There were nights last season when Jhonny Peralta, from his shortstop position, couldn't make out the signs flashed by his catcher and didn't know what pitch was coming. Nor could he read the spin of the ball off the bat. "In the day nothing was bad," he says, "but sometimes at night things were blurry." Peralta finally got checked out and fitted for contacts, but he found that they irritated his eyes. The seasonlong vision problems contributed to his 16 errors and an .817 zone rating (the percentage of balls fielded in a player's typical "defensive zone"), fourth worst among AL shortstops -- woes that Peralta, 24, hopes off-season laser eye surgery has cured. Says manager Eric Wedge, channeling Johnnie Cochran, "The better he can see, the better off we'll be."
Last year Cleveland ranked second-worst in the league in errors (118) and allowed a major-league-high 84 unearned runs, undermining an offense that trailed only the Yankees in scoring and a rotation whose 4.31 ERA was third in the league. To address part of the problem Cleveland acquired 24-year-old second baseman Josh Barfield from the Padres and permanently installed 23-year-old Andy Marte at third base, improvements over Ronnie Belliard and Aaron Boone, respectively. The new infield thrills ace lefthander C.C. Sabathia. "You know that they're going to turn the double plays you need, and you can pitch to contact," he says. "You don't have to throw it by guys."
If there was one aspect of the 2006 Indians worse than their defense, it was a bullpen that had only 24 saves -- fewest by an AL team in 10 years -- in 47 opportunities. G.M. Mark Shapiro bolstered the pen with four newcomers (a fifth, Keith Foulke, retired before the start of spring training). The most important signing is that of free-agent pickup Joe Borowski, who will be the closer, a role in which he has excelled in the past. At 35 he doesn't have an elite closer's dominant stuff -- his fastball barely grazes 90 mph -- but he does have guts and a short memory, qualities lacking in the young pitchers the Indians auditioned last season. "You go out and get the job done all the time, but everybody doubts you," says Borowski. "Early in my career I was worried about that stuff. Now I don't care. I'm here because I can do the job."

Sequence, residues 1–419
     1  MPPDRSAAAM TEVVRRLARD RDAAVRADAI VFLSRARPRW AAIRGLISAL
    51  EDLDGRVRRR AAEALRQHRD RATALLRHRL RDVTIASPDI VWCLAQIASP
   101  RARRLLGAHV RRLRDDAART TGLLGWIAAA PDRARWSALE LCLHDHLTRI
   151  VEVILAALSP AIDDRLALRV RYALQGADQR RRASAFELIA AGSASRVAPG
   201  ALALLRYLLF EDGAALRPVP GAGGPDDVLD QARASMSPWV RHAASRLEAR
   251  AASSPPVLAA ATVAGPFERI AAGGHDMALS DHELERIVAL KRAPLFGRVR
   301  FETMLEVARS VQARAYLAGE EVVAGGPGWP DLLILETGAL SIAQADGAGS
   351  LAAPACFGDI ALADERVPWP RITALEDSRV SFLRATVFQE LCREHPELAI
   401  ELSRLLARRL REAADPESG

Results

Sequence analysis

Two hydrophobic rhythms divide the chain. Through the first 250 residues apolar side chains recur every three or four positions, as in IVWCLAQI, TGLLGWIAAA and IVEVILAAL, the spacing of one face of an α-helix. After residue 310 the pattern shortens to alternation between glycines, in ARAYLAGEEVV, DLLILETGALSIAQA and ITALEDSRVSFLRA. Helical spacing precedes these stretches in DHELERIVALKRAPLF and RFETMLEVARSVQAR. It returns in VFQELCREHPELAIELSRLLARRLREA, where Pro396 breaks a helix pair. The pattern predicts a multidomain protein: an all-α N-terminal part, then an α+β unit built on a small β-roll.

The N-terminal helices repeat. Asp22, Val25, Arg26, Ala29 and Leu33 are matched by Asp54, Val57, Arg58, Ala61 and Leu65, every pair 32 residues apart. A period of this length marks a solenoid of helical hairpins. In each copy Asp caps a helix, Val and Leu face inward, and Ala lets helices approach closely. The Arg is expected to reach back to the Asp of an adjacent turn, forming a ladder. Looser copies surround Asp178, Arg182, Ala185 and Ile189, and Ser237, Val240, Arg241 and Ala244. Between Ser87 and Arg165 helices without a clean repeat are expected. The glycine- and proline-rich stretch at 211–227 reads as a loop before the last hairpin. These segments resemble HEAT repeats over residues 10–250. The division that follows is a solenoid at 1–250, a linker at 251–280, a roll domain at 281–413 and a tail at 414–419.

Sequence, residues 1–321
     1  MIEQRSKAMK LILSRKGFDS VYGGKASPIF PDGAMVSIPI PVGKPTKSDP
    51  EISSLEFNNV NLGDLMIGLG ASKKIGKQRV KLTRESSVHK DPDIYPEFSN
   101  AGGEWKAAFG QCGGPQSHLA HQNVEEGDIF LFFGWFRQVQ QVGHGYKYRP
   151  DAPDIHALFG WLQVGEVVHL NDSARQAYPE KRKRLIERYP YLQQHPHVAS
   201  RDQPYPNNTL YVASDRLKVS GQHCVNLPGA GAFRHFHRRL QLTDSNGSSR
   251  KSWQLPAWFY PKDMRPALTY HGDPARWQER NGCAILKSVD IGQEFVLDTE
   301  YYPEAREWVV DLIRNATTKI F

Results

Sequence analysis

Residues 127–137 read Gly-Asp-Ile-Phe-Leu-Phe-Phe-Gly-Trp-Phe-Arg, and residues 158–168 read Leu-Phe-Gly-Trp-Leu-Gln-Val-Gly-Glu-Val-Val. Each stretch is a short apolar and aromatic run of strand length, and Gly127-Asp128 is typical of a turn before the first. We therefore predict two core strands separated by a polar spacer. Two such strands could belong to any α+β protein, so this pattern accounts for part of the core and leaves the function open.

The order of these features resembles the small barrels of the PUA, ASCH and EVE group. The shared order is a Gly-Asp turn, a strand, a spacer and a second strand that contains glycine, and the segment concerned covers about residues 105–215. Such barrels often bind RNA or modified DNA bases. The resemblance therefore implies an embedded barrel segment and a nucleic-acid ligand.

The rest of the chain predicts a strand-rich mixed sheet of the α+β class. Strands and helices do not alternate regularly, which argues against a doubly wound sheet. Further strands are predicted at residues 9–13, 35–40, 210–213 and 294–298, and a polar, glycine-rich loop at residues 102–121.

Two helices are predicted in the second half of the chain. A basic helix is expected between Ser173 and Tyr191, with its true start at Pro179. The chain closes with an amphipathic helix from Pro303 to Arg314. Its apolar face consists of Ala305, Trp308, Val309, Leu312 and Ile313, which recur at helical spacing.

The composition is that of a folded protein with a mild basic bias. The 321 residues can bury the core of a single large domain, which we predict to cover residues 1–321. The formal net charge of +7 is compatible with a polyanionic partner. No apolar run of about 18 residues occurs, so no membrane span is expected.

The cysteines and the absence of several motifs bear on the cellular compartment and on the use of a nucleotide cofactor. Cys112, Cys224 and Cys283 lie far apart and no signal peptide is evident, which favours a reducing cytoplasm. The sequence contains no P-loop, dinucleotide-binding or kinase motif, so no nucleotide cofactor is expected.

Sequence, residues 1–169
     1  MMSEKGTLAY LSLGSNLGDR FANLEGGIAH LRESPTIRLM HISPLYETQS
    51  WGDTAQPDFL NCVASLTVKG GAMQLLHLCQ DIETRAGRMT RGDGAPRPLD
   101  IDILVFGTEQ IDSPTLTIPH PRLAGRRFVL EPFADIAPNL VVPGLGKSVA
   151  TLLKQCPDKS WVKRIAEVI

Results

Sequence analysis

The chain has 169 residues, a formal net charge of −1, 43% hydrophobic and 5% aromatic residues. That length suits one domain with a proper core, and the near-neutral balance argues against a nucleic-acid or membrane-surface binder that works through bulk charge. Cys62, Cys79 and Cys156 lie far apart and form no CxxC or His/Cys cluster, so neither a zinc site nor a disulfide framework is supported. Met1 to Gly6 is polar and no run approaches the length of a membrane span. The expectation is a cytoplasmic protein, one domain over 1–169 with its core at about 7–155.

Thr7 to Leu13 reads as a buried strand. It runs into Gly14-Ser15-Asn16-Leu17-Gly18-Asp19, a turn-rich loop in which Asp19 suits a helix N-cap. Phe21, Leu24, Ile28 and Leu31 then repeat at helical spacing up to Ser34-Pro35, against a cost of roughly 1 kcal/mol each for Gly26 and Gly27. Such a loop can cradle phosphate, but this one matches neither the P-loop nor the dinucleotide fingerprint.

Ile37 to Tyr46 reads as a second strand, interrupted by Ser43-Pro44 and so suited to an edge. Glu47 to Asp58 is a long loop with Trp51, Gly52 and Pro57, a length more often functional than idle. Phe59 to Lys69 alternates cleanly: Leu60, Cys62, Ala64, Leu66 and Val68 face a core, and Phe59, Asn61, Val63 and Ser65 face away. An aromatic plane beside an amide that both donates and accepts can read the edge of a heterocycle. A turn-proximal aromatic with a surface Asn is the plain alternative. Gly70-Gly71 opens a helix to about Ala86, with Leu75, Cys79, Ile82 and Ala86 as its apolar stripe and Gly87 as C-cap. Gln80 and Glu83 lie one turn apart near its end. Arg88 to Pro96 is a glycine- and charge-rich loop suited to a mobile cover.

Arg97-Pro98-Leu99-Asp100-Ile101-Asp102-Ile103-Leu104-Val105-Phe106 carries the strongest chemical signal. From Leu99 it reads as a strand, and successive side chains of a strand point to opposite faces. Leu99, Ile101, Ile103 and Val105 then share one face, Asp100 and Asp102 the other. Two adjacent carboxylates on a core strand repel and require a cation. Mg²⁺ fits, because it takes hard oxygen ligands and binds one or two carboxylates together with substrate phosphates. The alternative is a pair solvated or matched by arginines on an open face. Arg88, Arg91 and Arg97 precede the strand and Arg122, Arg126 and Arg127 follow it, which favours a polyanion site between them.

Borowski should have plenty of leads to protect in '07. The lineup boasts three of baseball's premier hitters at their positions in catcher Victor Martinez, centerfielder Grady Sizemore and DH Travis Hafner, who says the broken hand that might have cost him the MVP last year was "good to go about two weeks after the season was over." The key to the offense, though -- sense a pattern? -- could be Peralta. In 2005, his first full season, he had a .520 slugging percentage, best among shortstops in the majors, and hit .292 with 24 home runs. But in '06 he plummeted to 13th at the position in slugging (.385), dropped 35 points off his average and hit 11 fewer homers. While his eyesight may have played a role (he batted .285 in day games, .244 at night) Shapiro believes he was most likely suffering a typical sophomore slump. "If he's '06 defensively and '06 offensively," warns Shapiro, "I'm not saying we can't win, but it's going to be a challenge."
In the second inning of the Indians' first spring training game Peralta got an early read on a grounder by the Astros' Jason Lane and ranged far to his right to scoop it up and flip it to Barfield, who turned a quicksilver double play that elicited the sort of cheers from teammates usually reserved for 400-foot bombs. It was only early March, but with an improved defense and an experienced bullpen to match their explosive offense and solid rotation, the Indians have a clear-eyed vision of an AL Central title. -- Ben Reiter
Issue date: March 26, 2007